By Pat Ford
It’s pretty well known that Key West has some of the best fishing in the continental US, but when you catch a calm day in the winter it is spectacular!
I try to book Capt. RT Trosset a few days every month in the winter and every so often I get lucky and get a day when the usually brisk winds are calm. Last January RT had a cancelation and I hopped down on short notice. The winds had been tough for several weeks but our trip happened to fall between cold fronts and it was almost flat calm. I had expected it to be cold and sunny but for some reason I was met with temps in the high 60’s and rain…it never rains in Key West in the winter. Nevertheless, all that really mattered was the calm seas. This allowed us to cruise at 40 mph in RT’s 36’ Yellowfin and 350 hp Suzuki’s and cover lots of ground. It had been quite cold for our standards for about a week before our trip and the water temperature on the flats was down to 65 degrees. The only problem this causes is catching pilchards…they don’t like cold. We had to run all the way to the Marquesas before we found enough bait to chum up the blackfin tunas offshore.
It took several hours but we finally made it out to a wreck in 240’ of water where the blackfins hung out. The plan was to either drift or anchor up and use the live pilchards as chum. RT uses heavy spinning tackle for tunas. This wreck has a major shark population and if you fight a tuna too long, there’s a good chance that it will be eaten. Once the tuna’s find the chum line, you’ll see them crashing the baits and everything starts moving pretty fast. RT uses 40 lb fluorocarbon leaders and small hooks because the smaller pilchards seem to work better than the big ones. This day the rain seemed to help because the tunas stayed up on the surface all day. We caught several on fly tackle and probably totaled around 15, most of which were released. A 25 lb tuna a a fly is a spectacular catch.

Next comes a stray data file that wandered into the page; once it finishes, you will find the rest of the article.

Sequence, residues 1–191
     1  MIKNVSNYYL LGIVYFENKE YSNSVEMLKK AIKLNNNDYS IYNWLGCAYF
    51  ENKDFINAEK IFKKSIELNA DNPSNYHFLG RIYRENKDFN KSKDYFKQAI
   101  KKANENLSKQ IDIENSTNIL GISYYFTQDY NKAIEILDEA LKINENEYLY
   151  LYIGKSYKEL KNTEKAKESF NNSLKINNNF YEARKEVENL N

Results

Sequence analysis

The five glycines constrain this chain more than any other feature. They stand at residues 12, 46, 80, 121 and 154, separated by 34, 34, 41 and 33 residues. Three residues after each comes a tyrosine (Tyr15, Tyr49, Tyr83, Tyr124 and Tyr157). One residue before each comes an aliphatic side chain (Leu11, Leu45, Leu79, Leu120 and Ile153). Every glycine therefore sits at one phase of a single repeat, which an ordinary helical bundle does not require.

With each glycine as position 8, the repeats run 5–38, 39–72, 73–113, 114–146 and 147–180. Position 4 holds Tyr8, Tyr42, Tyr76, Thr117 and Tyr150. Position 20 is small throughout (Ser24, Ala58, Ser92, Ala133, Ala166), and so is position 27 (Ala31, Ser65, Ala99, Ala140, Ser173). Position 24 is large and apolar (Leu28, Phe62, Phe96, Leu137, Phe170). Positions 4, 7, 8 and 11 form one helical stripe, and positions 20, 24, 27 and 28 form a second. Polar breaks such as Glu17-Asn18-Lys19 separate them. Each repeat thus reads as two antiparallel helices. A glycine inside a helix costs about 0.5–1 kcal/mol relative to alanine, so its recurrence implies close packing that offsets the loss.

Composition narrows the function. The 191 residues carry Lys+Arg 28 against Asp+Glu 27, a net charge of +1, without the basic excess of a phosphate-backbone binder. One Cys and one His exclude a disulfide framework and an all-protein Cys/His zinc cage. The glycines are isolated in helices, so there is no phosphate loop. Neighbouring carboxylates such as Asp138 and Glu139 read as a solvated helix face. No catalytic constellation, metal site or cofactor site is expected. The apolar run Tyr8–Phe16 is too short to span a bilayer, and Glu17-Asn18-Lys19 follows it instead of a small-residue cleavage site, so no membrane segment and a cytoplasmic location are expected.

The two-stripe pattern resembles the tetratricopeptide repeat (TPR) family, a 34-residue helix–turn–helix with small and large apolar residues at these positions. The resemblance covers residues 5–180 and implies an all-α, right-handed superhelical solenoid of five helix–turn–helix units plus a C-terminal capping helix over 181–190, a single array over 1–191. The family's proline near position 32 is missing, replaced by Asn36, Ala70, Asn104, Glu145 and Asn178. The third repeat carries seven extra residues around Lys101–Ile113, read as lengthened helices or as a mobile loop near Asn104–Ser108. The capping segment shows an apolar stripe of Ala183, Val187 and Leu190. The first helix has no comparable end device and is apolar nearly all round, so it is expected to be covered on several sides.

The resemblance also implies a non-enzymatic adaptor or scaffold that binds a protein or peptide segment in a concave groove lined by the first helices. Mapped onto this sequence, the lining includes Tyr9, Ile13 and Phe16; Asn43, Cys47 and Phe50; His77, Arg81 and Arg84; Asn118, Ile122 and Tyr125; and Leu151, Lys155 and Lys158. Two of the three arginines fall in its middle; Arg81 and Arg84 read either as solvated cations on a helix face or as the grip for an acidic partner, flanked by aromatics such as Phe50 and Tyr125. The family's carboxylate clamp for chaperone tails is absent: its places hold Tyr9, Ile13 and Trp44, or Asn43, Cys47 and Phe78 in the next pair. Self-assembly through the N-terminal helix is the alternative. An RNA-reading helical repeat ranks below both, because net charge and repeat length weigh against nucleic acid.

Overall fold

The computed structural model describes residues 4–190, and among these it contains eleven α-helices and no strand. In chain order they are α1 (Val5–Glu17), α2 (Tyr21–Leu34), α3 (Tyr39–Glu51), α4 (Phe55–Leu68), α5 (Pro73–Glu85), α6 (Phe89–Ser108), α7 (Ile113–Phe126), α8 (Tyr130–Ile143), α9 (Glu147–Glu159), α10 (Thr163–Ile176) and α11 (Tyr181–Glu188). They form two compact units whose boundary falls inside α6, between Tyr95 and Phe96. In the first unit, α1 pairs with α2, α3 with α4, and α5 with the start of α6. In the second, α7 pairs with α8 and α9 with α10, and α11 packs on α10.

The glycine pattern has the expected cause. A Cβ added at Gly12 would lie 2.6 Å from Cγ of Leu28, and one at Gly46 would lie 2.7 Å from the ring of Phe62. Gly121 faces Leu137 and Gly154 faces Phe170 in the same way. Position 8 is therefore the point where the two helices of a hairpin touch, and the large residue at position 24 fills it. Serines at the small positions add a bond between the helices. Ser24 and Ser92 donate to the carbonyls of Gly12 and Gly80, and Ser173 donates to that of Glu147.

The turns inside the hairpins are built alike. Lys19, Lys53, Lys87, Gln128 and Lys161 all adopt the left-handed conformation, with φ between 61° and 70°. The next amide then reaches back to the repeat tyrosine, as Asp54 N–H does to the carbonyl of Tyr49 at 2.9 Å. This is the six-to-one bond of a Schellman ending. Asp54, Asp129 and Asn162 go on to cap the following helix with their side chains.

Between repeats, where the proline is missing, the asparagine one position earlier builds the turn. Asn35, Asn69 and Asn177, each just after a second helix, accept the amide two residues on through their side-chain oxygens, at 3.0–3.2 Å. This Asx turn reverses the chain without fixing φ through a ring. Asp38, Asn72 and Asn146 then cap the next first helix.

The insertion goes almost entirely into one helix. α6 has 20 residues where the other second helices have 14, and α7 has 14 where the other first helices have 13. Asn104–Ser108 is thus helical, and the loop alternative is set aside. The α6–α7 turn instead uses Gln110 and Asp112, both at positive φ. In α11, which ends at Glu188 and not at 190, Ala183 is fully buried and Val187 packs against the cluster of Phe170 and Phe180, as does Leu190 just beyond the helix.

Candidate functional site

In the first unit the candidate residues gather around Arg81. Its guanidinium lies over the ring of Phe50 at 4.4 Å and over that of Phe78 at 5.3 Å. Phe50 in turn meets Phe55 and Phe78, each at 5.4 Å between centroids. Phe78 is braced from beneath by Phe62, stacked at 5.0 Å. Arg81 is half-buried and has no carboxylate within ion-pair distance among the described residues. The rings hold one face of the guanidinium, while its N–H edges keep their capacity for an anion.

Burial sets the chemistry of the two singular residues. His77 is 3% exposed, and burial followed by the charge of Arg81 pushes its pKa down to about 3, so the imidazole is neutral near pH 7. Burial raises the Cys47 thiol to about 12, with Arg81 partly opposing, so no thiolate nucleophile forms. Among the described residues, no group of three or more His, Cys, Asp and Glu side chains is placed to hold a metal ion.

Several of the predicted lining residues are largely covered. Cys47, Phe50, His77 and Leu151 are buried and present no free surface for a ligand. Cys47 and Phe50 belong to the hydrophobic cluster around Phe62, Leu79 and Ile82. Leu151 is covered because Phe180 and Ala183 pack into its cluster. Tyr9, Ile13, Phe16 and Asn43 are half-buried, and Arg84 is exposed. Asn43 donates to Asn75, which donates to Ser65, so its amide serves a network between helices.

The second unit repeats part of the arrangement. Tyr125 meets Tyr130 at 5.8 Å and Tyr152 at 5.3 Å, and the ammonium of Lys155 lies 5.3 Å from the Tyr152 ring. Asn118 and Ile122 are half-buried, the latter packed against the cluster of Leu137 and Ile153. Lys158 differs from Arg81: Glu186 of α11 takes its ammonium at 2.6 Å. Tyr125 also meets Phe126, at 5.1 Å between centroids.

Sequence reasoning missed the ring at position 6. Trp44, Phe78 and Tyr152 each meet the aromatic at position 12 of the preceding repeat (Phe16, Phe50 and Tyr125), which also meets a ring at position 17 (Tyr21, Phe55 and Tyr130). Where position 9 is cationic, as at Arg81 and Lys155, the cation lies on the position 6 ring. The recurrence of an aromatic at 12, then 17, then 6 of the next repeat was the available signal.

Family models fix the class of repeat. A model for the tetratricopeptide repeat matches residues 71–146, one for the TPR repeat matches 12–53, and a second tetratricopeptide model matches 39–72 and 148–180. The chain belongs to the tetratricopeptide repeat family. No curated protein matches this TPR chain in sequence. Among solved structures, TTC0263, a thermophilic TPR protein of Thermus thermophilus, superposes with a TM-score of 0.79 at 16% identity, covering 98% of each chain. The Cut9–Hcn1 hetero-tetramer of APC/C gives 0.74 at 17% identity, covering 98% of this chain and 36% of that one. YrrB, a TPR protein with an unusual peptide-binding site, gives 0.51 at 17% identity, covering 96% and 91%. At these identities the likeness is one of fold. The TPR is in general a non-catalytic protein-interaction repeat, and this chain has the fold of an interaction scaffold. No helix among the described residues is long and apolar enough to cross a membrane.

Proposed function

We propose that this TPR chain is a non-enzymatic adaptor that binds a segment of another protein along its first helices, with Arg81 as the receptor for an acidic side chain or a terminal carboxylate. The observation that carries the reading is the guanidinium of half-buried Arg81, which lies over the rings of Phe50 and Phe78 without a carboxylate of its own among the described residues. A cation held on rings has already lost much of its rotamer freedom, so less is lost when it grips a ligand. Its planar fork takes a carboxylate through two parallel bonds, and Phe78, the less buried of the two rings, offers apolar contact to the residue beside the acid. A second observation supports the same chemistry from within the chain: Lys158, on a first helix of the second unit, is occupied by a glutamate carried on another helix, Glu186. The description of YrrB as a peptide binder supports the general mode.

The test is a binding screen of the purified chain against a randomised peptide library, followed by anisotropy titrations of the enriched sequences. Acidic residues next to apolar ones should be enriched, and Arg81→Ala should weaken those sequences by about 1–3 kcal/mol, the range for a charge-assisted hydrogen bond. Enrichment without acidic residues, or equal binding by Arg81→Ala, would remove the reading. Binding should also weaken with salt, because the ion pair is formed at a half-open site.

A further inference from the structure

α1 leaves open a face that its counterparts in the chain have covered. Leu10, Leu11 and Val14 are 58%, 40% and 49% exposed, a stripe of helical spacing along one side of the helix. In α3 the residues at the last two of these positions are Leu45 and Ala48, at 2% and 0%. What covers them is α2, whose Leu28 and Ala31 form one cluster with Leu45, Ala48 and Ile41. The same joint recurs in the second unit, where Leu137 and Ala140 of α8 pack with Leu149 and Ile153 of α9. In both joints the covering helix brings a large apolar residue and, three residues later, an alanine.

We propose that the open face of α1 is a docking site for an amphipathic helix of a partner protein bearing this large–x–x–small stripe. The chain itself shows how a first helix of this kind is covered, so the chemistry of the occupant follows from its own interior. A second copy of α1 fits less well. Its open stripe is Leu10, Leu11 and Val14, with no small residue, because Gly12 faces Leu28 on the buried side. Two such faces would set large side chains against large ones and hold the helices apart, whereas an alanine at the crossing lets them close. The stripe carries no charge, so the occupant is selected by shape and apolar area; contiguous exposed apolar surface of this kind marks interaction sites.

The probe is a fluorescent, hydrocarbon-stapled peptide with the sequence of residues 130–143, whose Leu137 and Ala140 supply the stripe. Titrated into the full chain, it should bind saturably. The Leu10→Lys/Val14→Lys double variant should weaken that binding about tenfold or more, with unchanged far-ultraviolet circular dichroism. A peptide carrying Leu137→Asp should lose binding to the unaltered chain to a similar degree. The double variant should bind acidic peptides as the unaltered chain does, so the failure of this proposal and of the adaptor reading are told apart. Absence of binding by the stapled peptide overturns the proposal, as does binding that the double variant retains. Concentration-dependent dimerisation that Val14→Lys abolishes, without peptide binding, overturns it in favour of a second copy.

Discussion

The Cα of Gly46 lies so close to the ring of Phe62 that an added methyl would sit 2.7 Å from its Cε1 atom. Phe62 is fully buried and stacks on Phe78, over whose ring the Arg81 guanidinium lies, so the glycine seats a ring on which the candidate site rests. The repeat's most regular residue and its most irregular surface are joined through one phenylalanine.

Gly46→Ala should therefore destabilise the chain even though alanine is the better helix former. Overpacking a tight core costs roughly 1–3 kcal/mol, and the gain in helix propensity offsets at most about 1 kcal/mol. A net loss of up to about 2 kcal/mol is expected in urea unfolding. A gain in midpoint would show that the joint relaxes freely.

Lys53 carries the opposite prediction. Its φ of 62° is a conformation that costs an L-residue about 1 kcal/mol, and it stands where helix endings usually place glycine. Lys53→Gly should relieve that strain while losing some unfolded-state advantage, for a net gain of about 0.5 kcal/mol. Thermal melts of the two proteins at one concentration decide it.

When we finally tired, literally tired, of pulling on tuna, we ran over to Western Dry Rocks to look for some cero mackerel. I love catching ceros on light tackle. They ranged from 6 to over 10 lbs and almost every cast brought a strike. They are particularly fun on fly tackle with a pilchard size fly and a light wire leader. There is no better way to fish mackerel than with live chum. They are not as fussy as tunas an if they are around, the action will be non-stop till u run out of bait.
Towards the end of the day things changed just a bit. We began to have some heavy strikes….big fish that ran off a hundred yards of line. At first we though that they were blackfin sharks, but when we got one close to the boat, we realized that it was a huge kingfish. It made a second major run and the hook pulled. We hooked another and a 400 lb bull shark ate it next to the boat. I was using a fly rod and hooked one that pulled the hook then had another hit that was a serious fish. I managed to land this one – a king mackerel in the 30 lb range. This was one of the largest kings I’ve ever caught on a fly and it was a complete surprise. Usually you have to run 50 + miles northwest of Key West to fly fish for kings.
It was a routine but spectacular day in Key West with Captain Trosset. The key ingredient was the lack of wind. If only I knew how to schedule my trips for those few calm days in the winter.